Public access radio that connects community members to one another and the world
Play Live Radio
Next Up:
0:00
0:00
0:00 0:00
Available On Air Stations
Join us for Gardening Day at KDNK this Wednesday, May 22 from 5-7 PM. Stop by or RSVP at aly@kdnk.org.

Messi mania: The star player brings wins for Miami's soccer club

ARI SHAPIRO, HOST:

A major international soccer tournament ended over the weekend with a victory by the lowest-ranking U.S. team. Inter Miami beat Nashville to win the Leagues Cup. Miami fans hope it's the first of many such victories with soccer superstar Lionel Messi. He joined the roster just about a month ago. Matheus Sanchez is with member station WLRN in Miami. Hi there.

MATHEUS SANCHEZ, BYLINE: Hello.

SHAPIRO: What makes Messi such a force?

SANCHEZ: Well, this is a special player. I mean, we're talking Tom Brady territory here. He's certainly the best soccer player of his generation. He's truly a global sensation. He has broken records in Europe over the last 20 years, and he plays what's the most beautiful incarnation of the game. He loves to attack and dribble past players. He has the vision of a quarterback when it comes to assists. And he scores many goals and often quite sensational ones, as we've seen. Now, he's won the World Cup with Argentina just last year, and at 36, he's still near the peak of his powers. So really, his move to Miami shocked the world. It was a huge win for Miami, a team that was struggling badly, as you say, and for the MLS league. And really, it's a source of pride that he's chosen to live and play here.

SHAPIRO: Have you been surprised by how quickly he seems to have transformed the team?

SANCHEZ: Well, yes and no. Now, for some context, you know, the team has really seemed kind of cursed. Since David Beckham, who is a soccer idol himself, announced Inter Miami in 2014, there's been endless issues on and off the field. They finally kicked off in 2020 for the first time under COVID protocols in a temporary stadium in a different county. Since then, they've reached the playoffs just once, and the permanent stadium in Miami is still a couple years away. And this season, they have the worst record in the league, and not just that. They have been pretty awful to watch. So while expecting Messi to have a huge impact, the immediacy and the level of the turnaround has been truly extraordinary. Just days after signing, he came off the bench to score a beautiful last-minute winner. And now, four weeks later, they've lifted a trophy while he has scored seven - 10 goals in seven games. I mean, you really couldn't make it up.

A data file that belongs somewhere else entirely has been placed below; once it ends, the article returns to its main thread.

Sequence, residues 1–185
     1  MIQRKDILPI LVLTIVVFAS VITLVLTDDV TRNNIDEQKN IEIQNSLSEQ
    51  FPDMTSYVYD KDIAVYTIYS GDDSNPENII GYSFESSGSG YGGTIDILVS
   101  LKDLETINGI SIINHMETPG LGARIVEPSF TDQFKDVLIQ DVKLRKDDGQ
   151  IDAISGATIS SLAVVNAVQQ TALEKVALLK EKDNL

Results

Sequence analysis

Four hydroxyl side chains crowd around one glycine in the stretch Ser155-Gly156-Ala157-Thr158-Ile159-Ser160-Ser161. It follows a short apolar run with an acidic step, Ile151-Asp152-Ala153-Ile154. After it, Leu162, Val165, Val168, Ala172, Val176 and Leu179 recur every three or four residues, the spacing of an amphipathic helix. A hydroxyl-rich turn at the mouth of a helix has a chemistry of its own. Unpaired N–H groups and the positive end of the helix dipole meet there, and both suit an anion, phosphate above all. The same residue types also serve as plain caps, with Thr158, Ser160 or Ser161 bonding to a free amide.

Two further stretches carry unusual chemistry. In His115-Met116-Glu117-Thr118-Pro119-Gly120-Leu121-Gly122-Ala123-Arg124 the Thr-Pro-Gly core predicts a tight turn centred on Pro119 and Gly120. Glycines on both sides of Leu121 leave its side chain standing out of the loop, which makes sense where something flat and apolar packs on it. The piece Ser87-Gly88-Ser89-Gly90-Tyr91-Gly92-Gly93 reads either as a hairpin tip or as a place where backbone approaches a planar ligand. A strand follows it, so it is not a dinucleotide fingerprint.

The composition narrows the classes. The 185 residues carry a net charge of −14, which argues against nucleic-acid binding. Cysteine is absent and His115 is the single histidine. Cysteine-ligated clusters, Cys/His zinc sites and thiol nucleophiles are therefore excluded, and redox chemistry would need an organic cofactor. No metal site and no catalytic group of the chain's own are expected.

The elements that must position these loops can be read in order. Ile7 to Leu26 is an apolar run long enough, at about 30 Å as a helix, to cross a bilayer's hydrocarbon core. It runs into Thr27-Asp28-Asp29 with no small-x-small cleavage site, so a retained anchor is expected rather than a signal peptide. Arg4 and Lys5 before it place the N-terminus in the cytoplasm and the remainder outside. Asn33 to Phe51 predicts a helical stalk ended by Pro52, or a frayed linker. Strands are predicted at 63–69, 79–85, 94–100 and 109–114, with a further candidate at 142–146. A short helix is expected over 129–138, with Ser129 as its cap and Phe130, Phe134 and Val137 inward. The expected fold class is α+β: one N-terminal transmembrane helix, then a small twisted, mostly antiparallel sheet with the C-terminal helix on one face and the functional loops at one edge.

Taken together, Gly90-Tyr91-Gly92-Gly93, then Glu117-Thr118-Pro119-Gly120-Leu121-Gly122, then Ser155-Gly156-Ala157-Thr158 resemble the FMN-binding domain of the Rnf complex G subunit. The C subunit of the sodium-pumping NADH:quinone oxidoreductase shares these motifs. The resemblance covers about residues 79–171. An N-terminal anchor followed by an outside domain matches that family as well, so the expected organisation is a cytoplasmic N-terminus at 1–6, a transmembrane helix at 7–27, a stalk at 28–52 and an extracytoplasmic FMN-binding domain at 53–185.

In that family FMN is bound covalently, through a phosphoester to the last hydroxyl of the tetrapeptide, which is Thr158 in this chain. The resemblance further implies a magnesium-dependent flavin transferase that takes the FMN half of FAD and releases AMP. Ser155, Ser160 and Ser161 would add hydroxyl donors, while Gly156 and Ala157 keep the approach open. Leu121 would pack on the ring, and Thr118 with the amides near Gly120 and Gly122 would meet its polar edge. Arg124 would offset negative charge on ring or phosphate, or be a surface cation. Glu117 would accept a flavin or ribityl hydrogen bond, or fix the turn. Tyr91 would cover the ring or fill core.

SHAPIRO: I'm not trying to denigrate U.S. soccer here, but do you think Messi has had an easier time leading his team to victory because of the quality of the competition in this country?

SANCHEZ: Well, look. For almost 20 years, Messi has been key to winning countless titles and beating the best teams in the world in Europe, so we know he's world-class and he can lift those around him. But to do it with such a struggling team, it has to say something about the quality of the position here. This isn't basketball. You know, one or two players shouldn't have that much impact. But that extra second or two he now gets on the ball - it's like he's 25 again.

SHAPIRO: And more broadly, soccer is the world's favorite sport. It's been less popular here in the U.S. What might Messi be able to do for the future of the sport in this country?

SANCHEZ: It remains to be seen, but there's certainly high hopes here. In Messi, we have a living legend. You know, he will attract eyeballs. He'll bring more world-class players, and he will raise the level of the game. Meanwhile, the MLS is finally an established league. And we have the Copa America in the U.S. next year. And the sport's biggest showcase, the World Cup, is coming to the U.S. in 2026. So it does seem to be a moment for soccer in the U.S., and the world is paying attention. Likely millions watched Messi score a stunning goal on Saturday in an exciting final and lift the trophy on U.S. soil. What's not to love?

SHAPIRO: That's Matheus Sanchez of WLRN in Miami. Thanks a lot.

SANCHEZ: Thank you.

(SOUNDBITE OF NICK SHOULDERS' "SURF DE MARDI GRAS") Transcript provided by NPR, Copyright NPR.

NPR transcripts are created on a rush deadline by an NPR contractor. This text may not be in its final form and may be updated or revised in the future. Accuracy and availability may vary. The authoritative record of NPR’s programming is the audio record.

Matheus Sanchez